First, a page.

Accepting who you are is often the hardest part.
Actress and model Cara Delevingne has opened up about the struggles she went through before coming out on a new episode of Gwyneth Paltrow’s Goop podcast.
“I grew up in an old-fashioned household. I didn’t know anyone who was gay,” Delevingne, a model and actress who has starred in Suicide Squad and Valerian and the City of a Thousand Planets, said in the episode. “I didn’t know that was a thing and actually, I think growing up … I wasn’t knowledgeable of the fact I was homophobic.”
She explained further, saying she pushed those feelings down so much, she found the idea of being gay repulsed her. “The idea of being [with] same-sex [partners], I was disgusted by that, in myself. I was like, ‘Oh, my God, I would never. That’s disgusting, ugh.’”
Her fears about sexual attraction led her to some dark places, including suicidal ideation when she was younger. “I was so unhappy and I wasn’t following my truth, especially in terms of being a model,” she said. “That whole thing of having to fit into the box — I’m an androgynous person. I love being a woman and dressing up and doing all that, but I also love being a rough and tumble ‘man.’”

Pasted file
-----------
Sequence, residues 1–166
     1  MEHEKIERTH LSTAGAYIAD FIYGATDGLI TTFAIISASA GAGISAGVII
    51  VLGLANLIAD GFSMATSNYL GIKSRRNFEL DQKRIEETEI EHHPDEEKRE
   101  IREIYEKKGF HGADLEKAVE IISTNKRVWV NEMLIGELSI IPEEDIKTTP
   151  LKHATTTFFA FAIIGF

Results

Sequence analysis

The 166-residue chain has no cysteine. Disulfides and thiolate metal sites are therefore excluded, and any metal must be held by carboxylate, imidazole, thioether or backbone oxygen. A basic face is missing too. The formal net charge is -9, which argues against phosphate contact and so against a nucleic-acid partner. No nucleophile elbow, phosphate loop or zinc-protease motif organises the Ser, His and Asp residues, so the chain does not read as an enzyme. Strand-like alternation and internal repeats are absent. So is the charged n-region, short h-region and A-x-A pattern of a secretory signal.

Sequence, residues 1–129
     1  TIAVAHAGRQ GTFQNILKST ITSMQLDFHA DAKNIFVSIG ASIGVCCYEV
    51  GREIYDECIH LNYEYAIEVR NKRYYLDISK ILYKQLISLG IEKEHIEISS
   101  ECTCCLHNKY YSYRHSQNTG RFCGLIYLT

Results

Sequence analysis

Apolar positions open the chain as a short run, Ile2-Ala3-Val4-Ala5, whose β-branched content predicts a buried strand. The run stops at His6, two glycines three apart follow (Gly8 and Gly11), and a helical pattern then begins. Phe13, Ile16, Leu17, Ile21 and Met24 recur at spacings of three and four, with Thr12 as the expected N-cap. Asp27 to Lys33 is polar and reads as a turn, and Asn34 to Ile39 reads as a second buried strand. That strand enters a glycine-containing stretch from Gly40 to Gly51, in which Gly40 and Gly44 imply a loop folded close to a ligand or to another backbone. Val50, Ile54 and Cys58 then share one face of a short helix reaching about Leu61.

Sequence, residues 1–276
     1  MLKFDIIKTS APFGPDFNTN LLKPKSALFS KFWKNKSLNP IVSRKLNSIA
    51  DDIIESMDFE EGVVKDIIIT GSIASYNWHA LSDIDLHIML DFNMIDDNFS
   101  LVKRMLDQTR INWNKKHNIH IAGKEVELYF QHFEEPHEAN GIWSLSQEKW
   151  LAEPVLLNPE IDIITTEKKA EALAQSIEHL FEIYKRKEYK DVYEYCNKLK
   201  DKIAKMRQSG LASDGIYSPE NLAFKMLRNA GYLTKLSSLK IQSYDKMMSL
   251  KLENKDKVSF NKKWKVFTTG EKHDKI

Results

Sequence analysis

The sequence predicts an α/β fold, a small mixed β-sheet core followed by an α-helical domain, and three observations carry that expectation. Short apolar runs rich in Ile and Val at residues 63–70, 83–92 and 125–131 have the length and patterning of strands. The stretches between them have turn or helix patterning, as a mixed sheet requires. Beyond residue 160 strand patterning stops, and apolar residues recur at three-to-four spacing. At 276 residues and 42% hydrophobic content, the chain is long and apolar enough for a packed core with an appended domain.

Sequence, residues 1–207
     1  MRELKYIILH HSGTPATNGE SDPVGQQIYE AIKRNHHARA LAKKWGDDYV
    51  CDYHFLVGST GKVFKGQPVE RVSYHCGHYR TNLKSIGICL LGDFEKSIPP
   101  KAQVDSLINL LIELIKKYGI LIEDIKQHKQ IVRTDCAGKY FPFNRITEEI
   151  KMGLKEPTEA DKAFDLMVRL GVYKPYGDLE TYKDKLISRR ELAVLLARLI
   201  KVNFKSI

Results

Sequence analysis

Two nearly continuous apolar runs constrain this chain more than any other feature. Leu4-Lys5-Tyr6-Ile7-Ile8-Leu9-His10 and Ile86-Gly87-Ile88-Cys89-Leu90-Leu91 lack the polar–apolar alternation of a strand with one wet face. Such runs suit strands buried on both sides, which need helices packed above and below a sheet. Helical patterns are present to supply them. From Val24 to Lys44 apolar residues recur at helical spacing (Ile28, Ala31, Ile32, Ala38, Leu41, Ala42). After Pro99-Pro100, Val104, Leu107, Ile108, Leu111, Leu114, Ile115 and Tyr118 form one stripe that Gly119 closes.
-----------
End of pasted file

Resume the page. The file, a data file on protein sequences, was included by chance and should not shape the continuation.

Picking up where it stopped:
After coming out, she was finally able to embrace who she really is. Delevingne was in a relationship with musician Annie Clark of St. Vincent as early as 2015, and was rumored to be with Fast and Furious actor Michelle Rodriguez before that.
While she previously identified as bisexual, Delevingne came out as pansexual last year in an interview with Variety. “I always will remain, I think, pansexual,” she told the magazine. “However one defines themselves, whether it’s ‘they’ or ‘he’ or ‘she,’ I fall in love with the person, and that’s that. I’m attracted to the person.”
If you are a trans or gender-nonconforming person considering suicide, Trans Lifeline can be reached at (877) 565-8860. LGBTQ youth (ages 24 and younger) can reach the Trevor Project Lifeline at (866) 488-7386. You can also access chat services at TheTrevorProject.org/Help or text START to 678678. The National Suicide Prevention Lifeline at (800) 273-8255 can be reached 24 hours a day by people of all ages and identities.